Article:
In total, 97.32 total miles of fiber would be installed to 1096 eligible subscribers. The total cost of all three projects is $7,620,440, with Marquette-Adams pledging $2,204,980, Marquette County potentially pledging $1,745,005 of ARPA funds, and potentially receiving $3,369,498 from the grant. The townships receiving the fiber infrastructure were also asked to contribute some of their ARPA funds towards the grant projects.

If successful, most of the new fiber infrastructure would be installed next summer and completed by September. Currently, Marquette-Adams covers about 4,000 households, or more than half of the county. This expansion would increase that to 5,000 households. They have doubled overall coverage since 2010 and have spent $50 million upgrading the network over the past 12 years.

Marquette County Economic Development and Tourism Coordinator Keri Solis spoke at the county board meeting, saying that in their research and outreach to community members and visitors, there was a strong need for improved internet access in the County. A significant number of residents were stuck with only one internet provider and there were some who had access to no providers. Many residents complained of slow and unreliable speeds, making it so they were unable to do virtual visits with doctors or be on video calls. With the pandemic shifting many people to a work from home lifestyle, having better internet access would allow residents to be able to do this. Her research also showed that most visitors to the county would want better internet access and that if it was improved they’d be more likely to move or relocate to the county.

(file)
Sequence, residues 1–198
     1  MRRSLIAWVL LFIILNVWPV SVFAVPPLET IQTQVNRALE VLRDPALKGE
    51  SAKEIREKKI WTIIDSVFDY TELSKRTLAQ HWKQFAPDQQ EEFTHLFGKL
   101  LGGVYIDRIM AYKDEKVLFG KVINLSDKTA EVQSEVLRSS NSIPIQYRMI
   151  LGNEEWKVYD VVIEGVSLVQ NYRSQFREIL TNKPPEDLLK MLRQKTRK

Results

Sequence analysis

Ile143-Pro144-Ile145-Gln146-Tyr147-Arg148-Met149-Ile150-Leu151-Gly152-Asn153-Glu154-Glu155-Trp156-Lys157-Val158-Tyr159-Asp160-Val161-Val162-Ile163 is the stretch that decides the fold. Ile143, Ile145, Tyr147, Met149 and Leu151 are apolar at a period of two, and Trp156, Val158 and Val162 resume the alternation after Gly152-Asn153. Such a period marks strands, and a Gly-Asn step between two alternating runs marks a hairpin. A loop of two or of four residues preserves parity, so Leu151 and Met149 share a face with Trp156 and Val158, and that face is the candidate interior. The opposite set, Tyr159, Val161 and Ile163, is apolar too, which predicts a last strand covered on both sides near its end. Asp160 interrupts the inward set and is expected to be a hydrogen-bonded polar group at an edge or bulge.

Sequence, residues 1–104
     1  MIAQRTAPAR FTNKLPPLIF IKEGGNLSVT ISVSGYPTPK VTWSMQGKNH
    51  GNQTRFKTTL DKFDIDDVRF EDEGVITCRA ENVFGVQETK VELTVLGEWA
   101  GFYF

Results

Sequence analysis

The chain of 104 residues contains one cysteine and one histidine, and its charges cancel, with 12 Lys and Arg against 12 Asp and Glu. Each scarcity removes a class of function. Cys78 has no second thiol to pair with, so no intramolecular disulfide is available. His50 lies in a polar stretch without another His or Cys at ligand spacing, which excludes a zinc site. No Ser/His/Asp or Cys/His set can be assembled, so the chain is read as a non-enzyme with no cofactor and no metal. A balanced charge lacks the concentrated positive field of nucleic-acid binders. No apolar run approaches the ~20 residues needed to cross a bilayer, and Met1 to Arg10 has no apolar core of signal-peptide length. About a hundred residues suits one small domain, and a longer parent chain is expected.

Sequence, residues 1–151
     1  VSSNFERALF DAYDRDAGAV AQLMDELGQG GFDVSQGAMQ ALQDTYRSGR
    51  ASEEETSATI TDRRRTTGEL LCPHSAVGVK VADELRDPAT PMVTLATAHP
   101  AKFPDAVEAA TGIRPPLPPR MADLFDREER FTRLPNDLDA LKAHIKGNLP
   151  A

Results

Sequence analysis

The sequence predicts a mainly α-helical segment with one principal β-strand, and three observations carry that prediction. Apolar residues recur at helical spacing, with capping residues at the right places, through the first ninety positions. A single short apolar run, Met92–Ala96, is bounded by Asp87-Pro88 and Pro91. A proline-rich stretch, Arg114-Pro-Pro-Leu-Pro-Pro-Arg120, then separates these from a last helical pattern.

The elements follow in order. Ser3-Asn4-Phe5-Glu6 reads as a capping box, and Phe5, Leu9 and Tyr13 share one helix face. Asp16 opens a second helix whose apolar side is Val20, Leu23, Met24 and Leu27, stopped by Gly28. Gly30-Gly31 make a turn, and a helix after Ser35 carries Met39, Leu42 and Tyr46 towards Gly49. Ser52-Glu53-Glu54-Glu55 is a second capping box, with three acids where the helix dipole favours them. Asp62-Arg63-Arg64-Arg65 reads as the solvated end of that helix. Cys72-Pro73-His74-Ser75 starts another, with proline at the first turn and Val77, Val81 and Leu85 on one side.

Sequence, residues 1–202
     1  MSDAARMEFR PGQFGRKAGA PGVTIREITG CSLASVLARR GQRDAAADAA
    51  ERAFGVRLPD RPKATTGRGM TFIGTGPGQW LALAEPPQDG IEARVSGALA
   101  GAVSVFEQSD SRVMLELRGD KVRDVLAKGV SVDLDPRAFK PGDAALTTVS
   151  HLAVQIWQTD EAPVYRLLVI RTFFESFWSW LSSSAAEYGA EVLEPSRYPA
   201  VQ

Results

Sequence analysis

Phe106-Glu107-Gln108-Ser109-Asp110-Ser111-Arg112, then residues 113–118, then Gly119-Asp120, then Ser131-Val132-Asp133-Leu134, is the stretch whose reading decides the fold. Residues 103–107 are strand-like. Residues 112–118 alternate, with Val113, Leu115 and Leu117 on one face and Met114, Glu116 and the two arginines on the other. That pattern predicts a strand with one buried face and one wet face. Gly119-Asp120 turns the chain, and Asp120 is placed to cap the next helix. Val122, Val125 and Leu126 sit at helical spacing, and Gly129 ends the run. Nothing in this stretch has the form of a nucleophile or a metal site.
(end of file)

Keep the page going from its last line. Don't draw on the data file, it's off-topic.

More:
Corporation Counsel Natalie Bussan told the board that their family chose to live in Marquette County specifically because Marquette-Adams offered high speed service at the residence they were looking at.

Bussan said that the money could only be spent in very specific ways, and while they were still waiting on specifics, they knew that developing broadband infrastructure was an approved way while projects like road construction would not be approved. The current contract between the County and Marquette-Adams has provisions that allow either group to pull out at any point for any reason, up until the grants are approved. Right now, all they need is a commitment to the State and they need a set dollar amount to do so. If something else more important were to come up that needed funding, they could back out and use the funds for that project. Bussan said that her talks with the State made it clear that if the County were to contribute the proposed $1.7 million it would definitely help get the funding and put the competitive grant in their favor. She strongly encouraged the townships to say yes now with the ability to change minds later.